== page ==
• AWS says it will cloudify your mainframe workloads
    Buyer beware, say analysts, technical debt will catch up with you eventually

    AWS is trying to help organizations migrate their mainframe-based workloads to the cloud and potentially transform them into modern cloud-native services.

    The Mainframe Modernization initiative was unveiled at the cloud giant's Re:Invent conference at the end of last year, where CEO Adam Selipsky claimed that "customers are trying to get off their mainframes as fast as they can."

    Whether this is based in reality or not, AWS concedes that such a migration will inevitably involve the customer going through a lengthy and complex process that requires multiple steps to discover, assess, test, and operate the new workload environments.

    Continue reading
  • Amazon accused of obstructing probe into deadly warehouse collapse
    House Dems demand documents from CEO on facility hit by tornado – or else

    Updated The US House Oversight Committee has told Amazon CEO Andy Jassy to turn over documents pertaining to the collapse of an Amazon warehouse – and if he doesn't, the lawmakers say they will be forced to "consider alternative measures."

    Penned by Oversight Committee members Alexandria Ocasio-Cortez (D-NY), Cori Bush (D-MO) and committee chairwoman Carolyn B. Maloney (D-NY), the letter refers to the destruction of an Edwardsville, Illinois, Amazon fulfillment center in which six people were killed when a tornado hit. It was reported that the facility received two weather warnings about 20 minutes before the tornado struck at 8.27pm on December 10; most staff had headed to a shelter, some to an area where there were no windows but was hard hit by the storm.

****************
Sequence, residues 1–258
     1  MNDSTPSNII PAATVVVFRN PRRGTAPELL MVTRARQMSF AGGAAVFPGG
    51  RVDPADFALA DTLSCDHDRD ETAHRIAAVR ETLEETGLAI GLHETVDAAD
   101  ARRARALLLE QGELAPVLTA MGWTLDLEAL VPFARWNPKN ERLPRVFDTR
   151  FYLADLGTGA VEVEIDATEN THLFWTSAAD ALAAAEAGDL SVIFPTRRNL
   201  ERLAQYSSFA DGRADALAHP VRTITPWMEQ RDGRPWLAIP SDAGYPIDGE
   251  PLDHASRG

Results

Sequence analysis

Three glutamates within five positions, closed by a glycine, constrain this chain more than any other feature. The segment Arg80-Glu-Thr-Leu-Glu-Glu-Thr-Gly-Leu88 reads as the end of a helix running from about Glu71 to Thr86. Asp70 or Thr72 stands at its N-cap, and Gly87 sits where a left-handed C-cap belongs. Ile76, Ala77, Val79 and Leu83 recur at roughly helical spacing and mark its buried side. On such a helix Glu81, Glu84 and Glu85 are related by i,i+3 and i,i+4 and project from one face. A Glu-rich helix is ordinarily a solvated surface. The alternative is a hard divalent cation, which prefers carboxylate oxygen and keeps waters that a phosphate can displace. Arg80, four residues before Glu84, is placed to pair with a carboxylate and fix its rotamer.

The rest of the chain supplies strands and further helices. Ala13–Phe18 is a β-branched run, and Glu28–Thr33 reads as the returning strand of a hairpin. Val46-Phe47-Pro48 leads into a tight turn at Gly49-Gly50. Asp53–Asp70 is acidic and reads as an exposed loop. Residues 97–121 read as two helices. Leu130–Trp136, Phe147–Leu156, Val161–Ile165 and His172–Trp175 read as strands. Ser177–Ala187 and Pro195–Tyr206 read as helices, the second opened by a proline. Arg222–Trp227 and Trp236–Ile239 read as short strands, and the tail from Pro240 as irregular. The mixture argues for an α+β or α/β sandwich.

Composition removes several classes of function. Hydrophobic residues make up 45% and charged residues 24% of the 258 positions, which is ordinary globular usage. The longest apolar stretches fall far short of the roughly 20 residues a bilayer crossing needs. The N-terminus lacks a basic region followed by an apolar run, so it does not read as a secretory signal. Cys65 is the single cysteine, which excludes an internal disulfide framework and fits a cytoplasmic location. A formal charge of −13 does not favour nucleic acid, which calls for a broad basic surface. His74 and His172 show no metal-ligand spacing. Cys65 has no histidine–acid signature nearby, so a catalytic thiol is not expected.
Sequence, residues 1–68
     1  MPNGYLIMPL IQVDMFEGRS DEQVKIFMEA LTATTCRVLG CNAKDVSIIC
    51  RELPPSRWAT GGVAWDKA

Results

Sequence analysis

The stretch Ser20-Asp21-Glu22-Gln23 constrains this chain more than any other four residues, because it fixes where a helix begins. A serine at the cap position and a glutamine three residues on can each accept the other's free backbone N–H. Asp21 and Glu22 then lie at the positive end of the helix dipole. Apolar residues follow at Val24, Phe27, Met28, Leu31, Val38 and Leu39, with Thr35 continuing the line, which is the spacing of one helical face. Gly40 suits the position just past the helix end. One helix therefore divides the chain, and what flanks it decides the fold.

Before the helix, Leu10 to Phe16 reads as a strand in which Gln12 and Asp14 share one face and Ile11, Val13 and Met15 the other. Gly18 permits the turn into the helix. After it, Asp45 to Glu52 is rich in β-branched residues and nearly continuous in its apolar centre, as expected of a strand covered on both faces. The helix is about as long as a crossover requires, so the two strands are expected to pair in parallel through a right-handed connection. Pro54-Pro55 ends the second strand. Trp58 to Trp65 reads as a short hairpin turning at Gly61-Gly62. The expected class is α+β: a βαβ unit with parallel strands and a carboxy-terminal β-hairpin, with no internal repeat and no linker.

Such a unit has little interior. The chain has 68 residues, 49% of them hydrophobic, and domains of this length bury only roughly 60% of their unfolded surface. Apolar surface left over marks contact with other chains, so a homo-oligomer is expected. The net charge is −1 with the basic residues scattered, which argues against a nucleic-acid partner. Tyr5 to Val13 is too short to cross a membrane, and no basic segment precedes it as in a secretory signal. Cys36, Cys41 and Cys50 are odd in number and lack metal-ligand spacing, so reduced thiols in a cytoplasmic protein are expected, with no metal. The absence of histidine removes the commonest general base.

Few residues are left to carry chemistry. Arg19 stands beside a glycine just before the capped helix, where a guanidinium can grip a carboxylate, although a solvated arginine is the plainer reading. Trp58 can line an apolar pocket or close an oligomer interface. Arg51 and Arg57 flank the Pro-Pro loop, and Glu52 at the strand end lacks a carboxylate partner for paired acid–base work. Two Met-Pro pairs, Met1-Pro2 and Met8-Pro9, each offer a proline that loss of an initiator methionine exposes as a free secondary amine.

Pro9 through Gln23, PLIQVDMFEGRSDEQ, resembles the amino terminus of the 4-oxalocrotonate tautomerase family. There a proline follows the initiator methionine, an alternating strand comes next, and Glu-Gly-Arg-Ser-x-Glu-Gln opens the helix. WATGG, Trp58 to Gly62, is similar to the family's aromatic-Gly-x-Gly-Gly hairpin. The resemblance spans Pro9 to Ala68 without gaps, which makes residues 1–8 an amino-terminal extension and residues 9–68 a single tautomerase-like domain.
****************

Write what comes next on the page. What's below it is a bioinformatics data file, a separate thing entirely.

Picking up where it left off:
In late March, the Oversight Committee sent a letter to Jassy with a mid-April deadline to hand over a variety of documents, including disaster policies and procedures, communication between managers, employees and contractors, and internal discussion of the tornado and its aftermath.

    Continue reading
  • Engineer sues Amazon for not covering work-from-home internet, electricity bills
    And no, I'm not throwing out this lawsuit, says judge

    Amazon's attempt to dismiss a lawsuit, brought by one of its senior software engineers, asking it to reimburse workers for internet and electricity costs racked up while working from home in the pandemic, has been rejected by a California judge.

    David George Williams sued his employer for refusing to foot his monthly home office expenses, claiming Amazon is violating California's labor laws. The state's Labor Code section 2802 states: "An employer shall indemnify his or her employee for all necessary expenditures or losses incurred by the employee in direct consequence of the discharge of his or her duties, or of his or her obedience to the directions of the employer."

    Williams reckons Amazon should not only be paying for its techies' home internet and electricity, but also for any other expenses related to their ad-hoc home office space during the pandemic. Williams sued the cloud giant on behalf of himself and over 4,000 workers employed in California across 12 locations, arguing these costs will range from $50 to $100 per month during the time they were told to stay away from corporate campuses as the coronavirus spread.

    Continue reading
  • Amazon’s Kindle bookstore to quit China
    Local authorities insist the next chapter is not a collapse in foreign investment has decided to end its Kindle digital book business in China.

    A statement posted to the Kindle China WeChat account states that Amazon has already stopped sending new Kindle devices to resellers and will cease operations of the Kindle China e-bookstore on June 30, 2023. The Kindle app will last another year, allowing users to download previously purchased e-books. But after June 30, 2024, Kindle devices in China won’t be able to access content.

    An accompanying FAQ doesn’t offer a reason for the decision, but an Amazon spokesperson told Reuters “We periodically evaluate our offerings and make adjustments, wherever we operate.”

    Continue reading

Biting the hand that feeds IT © 1998–2022